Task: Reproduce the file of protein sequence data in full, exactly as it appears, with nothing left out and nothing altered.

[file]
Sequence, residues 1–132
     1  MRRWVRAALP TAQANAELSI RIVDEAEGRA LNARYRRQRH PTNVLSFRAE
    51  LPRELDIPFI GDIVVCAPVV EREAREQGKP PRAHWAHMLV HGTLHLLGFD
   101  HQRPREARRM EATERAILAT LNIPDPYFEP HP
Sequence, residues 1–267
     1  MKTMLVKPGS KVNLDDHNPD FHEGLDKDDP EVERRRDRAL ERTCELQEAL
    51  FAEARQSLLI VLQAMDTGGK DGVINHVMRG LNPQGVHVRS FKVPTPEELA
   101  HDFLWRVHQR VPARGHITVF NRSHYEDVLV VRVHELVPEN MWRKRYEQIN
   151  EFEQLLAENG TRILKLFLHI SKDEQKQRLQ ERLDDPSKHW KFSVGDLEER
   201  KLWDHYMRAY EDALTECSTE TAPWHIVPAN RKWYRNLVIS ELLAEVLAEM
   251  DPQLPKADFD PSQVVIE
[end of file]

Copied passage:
Sequence, residues 1–132
     1  MRRWVRAALP TAQANAELSI RIVDEAEGRA LNARYRRQRH PTNVLSFRAE
    51  LPRELDIPFI GDIVVCAPVV EREAREQGKP PRAHWAHMLV HGTLHLLGFD
   101  HQRPREARRM EATERAILAT LNIPDPYFEP HP
Sequence, residues 1–267
     1  MKTMLVKPGS KVNLDDHNPD FHEGLDKDDP EVERRRDRAL ERTCELQEAL
    51  FAEARQSLLI VLQAMDTGGK DGVINHVMRG LNPQGVHVRS FKVPTPEELA
   101  HDFLWRVHQR VPARGHITVF NRSHYEDVLV VRVHELVPEN MWRKRYEQIN
   151  EFEQLLAENG TRILKLFLHI SKDEQKQRLQ ERLDDPSKHW KFSVGDLEER
   201  KLWDHYMRAY EDALTECSTE TAPWHIVPAN RKWYRNLVIS ELLAEVLAEM
   251  DPQLPKADFD PSQVVIE